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Aegialomys galapagoensis

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Taxonomy [top]

Kingdom Phylum Class Order Family
ANIMALIA CHORDATA MAMMALIA RODENTIA CRICETIDAE

Scientific Name: Aegialomys galapagoensis
Species Authority: (Waterhouse, 1839)
Common Name(s):
English Galapagos Rice Rat
Synonym(s):
Oryzomys bauri Allen, 1892
Oryzomys galapagoensis (Waterhouse, 1839)
Taxonomic Notes: Oryzomys is a generic synonym (Weksler et al. 2006). Musser and Carleton (1993) note that this taxon has two subspecies: A. g. bauri which occurs on Santa Fe Island (= Barrington) and A. g. galapagoensis which occurred on San Cristobal Island (= Chatham) and which is now said to be extinct (Dowler et al. 2000). Patton and Hafner (1983) demonstrated that the two populations are conspecific.

Assessment Information [top]

Red List Category & Criteria: Vulnerable D2 ver 3.1
Year Published: 2008
Date Assessed: 2008-06-30
Assessor(s): Tirira, D., Boada, C. & Weksler, M.
Reviewer(s): Amori, G. (Small Nonvolant Mammal Red List Authority) & Schipper, J. (Global Mammal Assessment Team)
Justification:
This species is listed as Vulnerable due to a very small or restricted population with only one remaining location, which is threatened by the possibility of the introduction of exotic species to the island. The species is not currently in decline, however, the only other population of was extirpated from a neighboring island due to exotic species introductions - thus this species is susceptible to extinction in the future should invasive species be introduced.
History:
2002 Vulnerable
1996 Critically Endangered

Geographic Range [top]

Range Description: This species is endemic to the Galápagos Islands. It occurs only on Sante Fe (= Barrington) Island, and previously occurred on San Cristobal (= Chatham) Island (Musser and Carleton, 2005). A. galapagoensis was first described from specimens collected from Santa Cruz Island by Charles Darwin in 1835. Later studies suggested that A. bauri from Santa Fe, and A. galapagoensis were so similar that they may be considered conspecific (Patton and Hafner, 1983).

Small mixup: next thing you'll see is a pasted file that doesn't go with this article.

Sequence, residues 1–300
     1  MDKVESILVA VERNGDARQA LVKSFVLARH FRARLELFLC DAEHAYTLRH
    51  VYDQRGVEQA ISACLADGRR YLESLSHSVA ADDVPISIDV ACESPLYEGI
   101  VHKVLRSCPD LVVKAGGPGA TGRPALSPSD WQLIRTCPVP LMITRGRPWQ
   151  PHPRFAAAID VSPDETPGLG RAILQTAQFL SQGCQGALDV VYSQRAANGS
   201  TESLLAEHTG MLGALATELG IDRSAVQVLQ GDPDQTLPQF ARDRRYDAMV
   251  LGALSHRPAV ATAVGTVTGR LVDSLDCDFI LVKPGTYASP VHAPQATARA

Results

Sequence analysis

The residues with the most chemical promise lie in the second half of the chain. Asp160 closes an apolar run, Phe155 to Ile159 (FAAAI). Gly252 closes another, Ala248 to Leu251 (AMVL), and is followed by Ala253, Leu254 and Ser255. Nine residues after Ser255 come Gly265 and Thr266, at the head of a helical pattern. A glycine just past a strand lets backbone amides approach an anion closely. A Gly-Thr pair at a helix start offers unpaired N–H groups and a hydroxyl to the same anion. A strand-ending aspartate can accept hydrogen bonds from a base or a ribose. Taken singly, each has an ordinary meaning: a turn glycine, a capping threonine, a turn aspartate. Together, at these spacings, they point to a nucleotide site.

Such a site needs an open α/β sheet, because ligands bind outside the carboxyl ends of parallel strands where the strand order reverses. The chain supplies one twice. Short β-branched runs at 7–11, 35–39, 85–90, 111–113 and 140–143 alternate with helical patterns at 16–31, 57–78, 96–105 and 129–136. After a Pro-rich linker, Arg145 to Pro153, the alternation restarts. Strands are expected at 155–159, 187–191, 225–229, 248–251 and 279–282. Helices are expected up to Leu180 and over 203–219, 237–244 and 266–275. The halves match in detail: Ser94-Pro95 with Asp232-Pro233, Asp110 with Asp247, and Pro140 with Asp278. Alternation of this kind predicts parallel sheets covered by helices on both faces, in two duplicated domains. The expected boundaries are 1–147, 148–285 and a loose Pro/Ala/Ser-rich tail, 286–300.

Countries:
Native:
Ecuador (Galápagos)
Range Map: Click here to open the map viewer and explore range.

Population [top]

Population: This species includes two populations: A. g. galapagoensis occurs in San Cristobal Island, which is extinct (Dowler et al. 2000; Tirira 2001); and A. g. bauri occurs in Santa Fe Island, where it is common (Dowler et al. 2000; Tirira 2001).
Population Trend: Unknown

Habitat and Ecology [top]

Habitat and Ecology: Its ecology and natural history are poorly known. It is terrestrial and solitary.
Systems: Terrestrial

Threats [top]

Major Threat(s): The history of the decline and likely extinction of the population on San Cristobal Island, with the increase and spread of introduced species has been well documented (Dowler et al., 2000). The introduction of exotic rats (Rattus rattus) or mice (Mus musculus) to Santa Fe Island remains the main threat to the species. History suggests that the species could easily go extinct due to invasive predators and competitor species and this should be a conservation priority.

Conservation Actions [top]

Conservation Actions: Control exotic species and access to the island, and enact a program to prevent the introduction of common rats.

Citation: Tirira, D., Boada, C. & Weksler, M. 2008. Aegialomys galapagoensis. The IUCN Red List of Threatened Species. Version 2014.2. <www.iucnredlist.org>. Downloaded on 02 September 2014.
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